“Right now I find myself constantly making lists of what interests me with the hopes of finding something that will motivate me to keep going,” my client Brian* told me.
Brian was between jobs. He’d spent the last eight years in a field that he found unsatisfactory. As a result, he was questioning whether he should continue in that familiar field or try something new.
“Have you been taking any action on these new career ideas, or have they mostly stayed in your head?” I questioned Brian.
“They’ve mostly been in my head,” Brian replied.
Brian had a classic case of “early dismissal”. He was coming up with potential career ideas, thinking them over, and ultimately rejecting their viability. Notice that both the ideas and the rejection of those ideas took place Brian’s mind, not in the real world.
I often write about this concept because I see it so frequently amongst people who feel stuck in regards to their career. Early dismissal feels like we’re being productive because we’re thinking about our career direction, but we’re actually getting in our own way.
So what causes early dismissal? It is always unhelpful thought patterns. The thoughts themselves might vary from person to person, but the commonality is that those thoughts lead people into feelings of hopelessness and frustration.
This was the case for Brian as well.
It became apparent in our conversation that Brian’s experience of early dismissal was brought on by the belief, “I will not find a fulfilling career path.”
This thought resulted in Brian shutting down around his job search. After all, what fun would a job search be if it only brought him more of the same drudgery he’d previously experienced?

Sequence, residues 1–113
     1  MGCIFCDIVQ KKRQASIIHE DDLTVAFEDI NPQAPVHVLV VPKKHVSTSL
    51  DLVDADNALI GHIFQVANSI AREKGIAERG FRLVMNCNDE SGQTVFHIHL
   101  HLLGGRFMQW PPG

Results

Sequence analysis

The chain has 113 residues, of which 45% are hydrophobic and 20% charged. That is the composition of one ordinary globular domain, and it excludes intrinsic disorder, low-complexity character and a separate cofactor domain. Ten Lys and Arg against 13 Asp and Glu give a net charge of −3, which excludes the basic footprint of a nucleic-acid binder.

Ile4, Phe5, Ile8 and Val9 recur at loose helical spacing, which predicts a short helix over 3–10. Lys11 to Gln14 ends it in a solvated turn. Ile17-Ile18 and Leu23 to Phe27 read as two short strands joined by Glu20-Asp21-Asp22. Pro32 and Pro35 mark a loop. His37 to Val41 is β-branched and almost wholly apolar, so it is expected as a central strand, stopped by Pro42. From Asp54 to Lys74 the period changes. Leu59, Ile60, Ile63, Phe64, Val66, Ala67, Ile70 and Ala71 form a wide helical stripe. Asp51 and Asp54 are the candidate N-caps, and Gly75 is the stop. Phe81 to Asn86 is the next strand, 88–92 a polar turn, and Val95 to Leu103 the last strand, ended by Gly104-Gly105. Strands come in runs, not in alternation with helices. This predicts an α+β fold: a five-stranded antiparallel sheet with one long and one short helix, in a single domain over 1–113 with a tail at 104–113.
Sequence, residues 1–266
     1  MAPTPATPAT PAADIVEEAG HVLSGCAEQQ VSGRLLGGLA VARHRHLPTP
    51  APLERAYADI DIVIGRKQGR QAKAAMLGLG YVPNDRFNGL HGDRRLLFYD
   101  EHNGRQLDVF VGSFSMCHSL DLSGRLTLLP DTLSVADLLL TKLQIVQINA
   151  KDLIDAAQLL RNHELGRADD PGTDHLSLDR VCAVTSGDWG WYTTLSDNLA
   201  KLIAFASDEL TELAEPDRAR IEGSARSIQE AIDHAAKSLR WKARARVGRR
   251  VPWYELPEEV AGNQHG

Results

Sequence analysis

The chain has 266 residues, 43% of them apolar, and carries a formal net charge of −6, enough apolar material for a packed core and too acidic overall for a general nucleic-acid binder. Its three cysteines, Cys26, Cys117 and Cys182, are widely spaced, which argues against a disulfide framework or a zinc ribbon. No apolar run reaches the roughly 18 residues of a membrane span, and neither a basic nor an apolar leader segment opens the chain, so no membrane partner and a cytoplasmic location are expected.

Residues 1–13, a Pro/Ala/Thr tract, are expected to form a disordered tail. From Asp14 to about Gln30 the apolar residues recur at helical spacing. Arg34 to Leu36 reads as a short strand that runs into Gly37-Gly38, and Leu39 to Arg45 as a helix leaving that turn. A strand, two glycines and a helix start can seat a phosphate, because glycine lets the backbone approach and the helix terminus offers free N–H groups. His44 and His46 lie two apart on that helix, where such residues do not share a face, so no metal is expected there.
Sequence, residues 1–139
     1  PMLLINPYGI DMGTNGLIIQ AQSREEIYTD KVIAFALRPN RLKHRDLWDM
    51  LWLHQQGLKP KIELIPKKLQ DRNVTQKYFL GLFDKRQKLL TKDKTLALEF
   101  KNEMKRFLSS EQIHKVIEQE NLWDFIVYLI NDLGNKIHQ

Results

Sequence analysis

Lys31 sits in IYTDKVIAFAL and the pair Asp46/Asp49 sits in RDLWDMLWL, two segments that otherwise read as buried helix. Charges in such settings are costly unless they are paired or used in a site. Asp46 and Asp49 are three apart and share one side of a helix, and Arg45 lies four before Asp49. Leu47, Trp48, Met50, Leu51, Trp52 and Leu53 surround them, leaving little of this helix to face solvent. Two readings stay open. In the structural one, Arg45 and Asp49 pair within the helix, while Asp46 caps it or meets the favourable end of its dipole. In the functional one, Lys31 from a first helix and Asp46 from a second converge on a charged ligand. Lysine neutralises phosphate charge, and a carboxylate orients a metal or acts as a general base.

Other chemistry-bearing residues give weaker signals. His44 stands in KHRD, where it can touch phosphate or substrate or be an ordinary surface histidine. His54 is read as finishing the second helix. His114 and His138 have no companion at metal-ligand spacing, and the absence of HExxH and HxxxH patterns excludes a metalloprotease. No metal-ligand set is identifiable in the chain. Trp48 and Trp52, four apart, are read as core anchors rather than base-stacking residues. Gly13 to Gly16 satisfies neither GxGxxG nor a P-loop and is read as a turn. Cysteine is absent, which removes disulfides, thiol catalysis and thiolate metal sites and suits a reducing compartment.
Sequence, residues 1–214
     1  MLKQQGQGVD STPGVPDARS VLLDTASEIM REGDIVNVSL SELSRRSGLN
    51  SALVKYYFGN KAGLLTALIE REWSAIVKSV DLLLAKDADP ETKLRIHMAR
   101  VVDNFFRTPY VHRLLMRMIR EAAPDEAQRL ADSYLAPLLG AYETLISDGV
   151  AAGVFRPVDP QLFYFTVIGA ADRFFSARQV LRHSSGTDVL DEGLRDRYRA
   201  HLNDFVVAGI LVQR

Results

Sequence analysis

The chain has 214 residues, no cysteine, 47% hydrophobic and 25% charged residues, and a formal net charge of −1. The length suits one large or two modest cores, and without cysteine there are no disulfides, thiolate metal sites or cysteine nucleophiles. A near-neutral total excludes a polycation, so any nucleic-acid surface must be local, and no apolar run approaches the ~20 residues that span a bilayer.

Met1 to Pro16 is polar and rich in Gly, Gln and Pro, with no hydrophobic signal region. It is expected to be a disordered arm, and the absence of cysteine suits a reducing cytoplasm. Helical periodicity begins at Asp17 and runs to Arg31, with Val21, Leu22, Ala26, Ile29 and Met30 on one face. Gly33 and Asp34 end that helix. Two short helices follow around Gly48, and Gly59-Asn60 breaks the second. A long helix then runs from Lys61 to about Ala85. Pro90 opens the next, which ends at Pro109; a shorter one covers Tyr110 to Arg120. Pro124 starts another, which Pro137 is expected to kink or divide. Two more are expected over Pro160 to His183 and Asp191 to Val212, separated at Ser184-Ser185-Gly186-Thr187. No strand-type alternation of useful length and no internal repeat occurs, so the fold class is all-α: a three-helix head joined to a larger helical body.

Brain was a quick study, and he noticed the impact of this thought right away.
“That thought is like a self fulfilling prophecy. I think I won’t find a fulfilling career path, so I don’t put very much into my career exploration or job search, and then the result I get is that I don’t have a fulfilling career path,” he said.
“Exactly,” I told Brian. “Our beliefs and thoughts can have a large impact on our lives. The good news is we can offer your brain a thought that moves you to a better place. The key here is that it must be a thought that you actually believe, and it must feel better than your original thought.”
After a bit of brainstorming Brian came up with the following idea, “It’s possible for me to find a fulfilling career path.”
“How does that thought feel?” I asked.
The energy in Brian’s voice immediately increased.
“Oh, I feel way more optimistic. Hopeful. Lighter. And I can see how from this place I would act more motivated and put more energy into my job search. By doing that I’d be more likely to find a job that I like,” he replied.
“Okay, now, do you believe that new thought?” I inquired.
“Yes,” Brian answered.
Brian and I spoke a bit more about the specifics of what he could do to move his career exploration forward in the real world.
A few weeks later Brian emailed me to let me know how he was doing.
“I just wanted to reach out and thank you for your support during my career transition. Speaking with you was helpful as well as reading your articles. I have reached out to several people in my field of interest, and I am also looking at graduate school programs that will allow me to combine my interests. I know its a lot, but I’m confident I can make it happen.”
Brian was finally taking action on his career ideas in the real world, which is exactly what we all need to do to get unstuck and achieve career clarity.
*Name and identifying details have been changed to protect confidentiality. Printed with permission.
What real world actions could you be taking to aid your career? What thoughts would support you in taking those actions? Leave a comment with your ideas below!